Namdeb, a joint venture between the Namibian government and De Beers is engaging the government over tax breaks to extend its land-based operations beyond 2023, according to media reports.
Namdeb currently pays a 55% corporate tax on its profit and 10% royalty on its sales.
Company chief executive Riaan Burger wants the corporate tax and royalty revised, arguing they are high.
“While that may be conducive or viable for new diamond operators, it might not be conducive to an aging marginal asset like Namdeb,” he was quoted as saying by Reuters to local reporters.
“I think there is an understanding of the importance of Namdeb in the economy and in particular in terms of the jobs that are affected by the current short life of mine.”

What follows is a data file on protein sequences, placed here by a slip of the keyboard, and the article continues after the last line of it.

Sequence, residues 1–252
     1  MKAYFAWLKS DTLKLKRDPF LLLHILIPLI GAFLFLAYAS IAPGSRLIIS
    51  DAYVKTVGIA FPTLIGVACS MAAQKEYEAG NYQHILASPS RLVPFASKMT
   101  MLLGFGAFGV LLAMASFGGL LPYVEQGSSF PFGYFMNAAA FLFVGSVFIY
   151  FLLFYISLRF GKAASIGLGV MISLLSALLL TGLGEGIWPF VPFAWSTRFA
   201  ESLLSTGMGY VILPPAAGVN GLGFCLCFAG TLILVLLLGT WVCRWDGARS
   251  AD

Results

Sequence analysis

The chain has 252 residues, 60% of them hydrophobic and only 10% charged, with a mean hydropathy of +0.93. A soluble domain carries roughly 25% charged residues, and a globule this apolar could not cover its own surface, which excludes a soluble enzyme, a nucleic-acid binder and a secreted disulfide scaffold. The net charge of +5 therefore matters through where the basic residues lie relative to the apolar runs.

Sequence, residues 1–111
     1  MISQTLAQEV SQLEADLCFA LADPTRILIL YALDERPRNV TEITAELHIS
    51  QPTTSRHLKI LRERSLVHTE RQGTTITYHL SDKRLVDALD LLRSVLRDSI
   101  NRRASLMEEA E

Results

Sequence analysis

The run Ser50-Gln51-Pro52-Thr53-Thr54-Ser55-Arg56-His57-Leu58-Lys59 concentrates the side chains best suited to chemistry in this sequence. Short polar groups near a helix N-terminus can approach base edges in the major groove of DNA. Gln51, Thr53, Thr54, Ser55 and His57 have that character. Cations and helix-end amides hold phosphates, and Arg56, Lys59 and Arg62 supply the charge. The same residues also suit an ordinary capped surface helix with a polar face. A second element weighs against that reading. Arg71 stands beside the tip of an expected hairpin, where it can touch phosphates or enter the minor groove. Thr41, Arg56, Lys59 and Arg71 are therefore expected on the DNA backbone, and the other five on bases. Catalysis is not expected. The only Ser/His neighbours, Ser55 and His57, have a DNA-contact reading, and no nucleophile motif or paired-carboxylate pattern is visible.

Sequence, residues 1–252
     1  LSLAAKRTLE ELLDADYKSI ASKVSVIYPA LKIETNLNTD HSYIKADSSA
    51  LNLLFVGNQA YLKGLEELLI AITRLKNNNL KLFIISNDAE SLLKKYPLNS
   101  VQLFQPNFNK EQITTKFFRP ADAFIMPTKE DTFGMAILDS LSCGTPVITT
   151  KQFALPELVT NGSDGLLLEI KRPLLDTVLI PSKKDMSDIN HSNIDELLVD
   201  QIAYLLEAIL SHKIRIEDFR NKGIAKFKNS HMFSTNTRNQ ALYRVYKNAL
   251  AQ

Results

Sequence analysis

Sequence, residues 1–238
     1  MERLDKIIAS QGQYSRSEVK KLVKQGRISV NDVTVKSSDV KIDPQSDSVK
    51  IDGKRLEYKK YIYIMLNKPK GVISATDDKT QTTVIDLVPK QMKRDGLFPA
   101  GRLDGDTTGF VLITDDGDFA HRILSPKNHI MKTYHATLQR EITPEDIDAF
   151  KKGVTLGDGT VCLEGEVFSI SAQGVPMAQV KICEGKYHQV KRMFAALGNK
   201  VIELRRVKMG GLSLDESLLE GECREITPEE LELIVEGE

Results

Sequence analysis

Diamond mining generates 20% of Namibia’s export earnings making it the largest taxpayer in the country.
Land-based diamond operations are projected to end in 2023 and will be no longer economical to continue under the current tax regime.
Its output decreased by 7% to 400 000 carats in the third quarter as the Elizabeth Bay land operations were placed on care and maintenance late last year.
The Elizabeth Bay Mine was recently sold to a local consortium.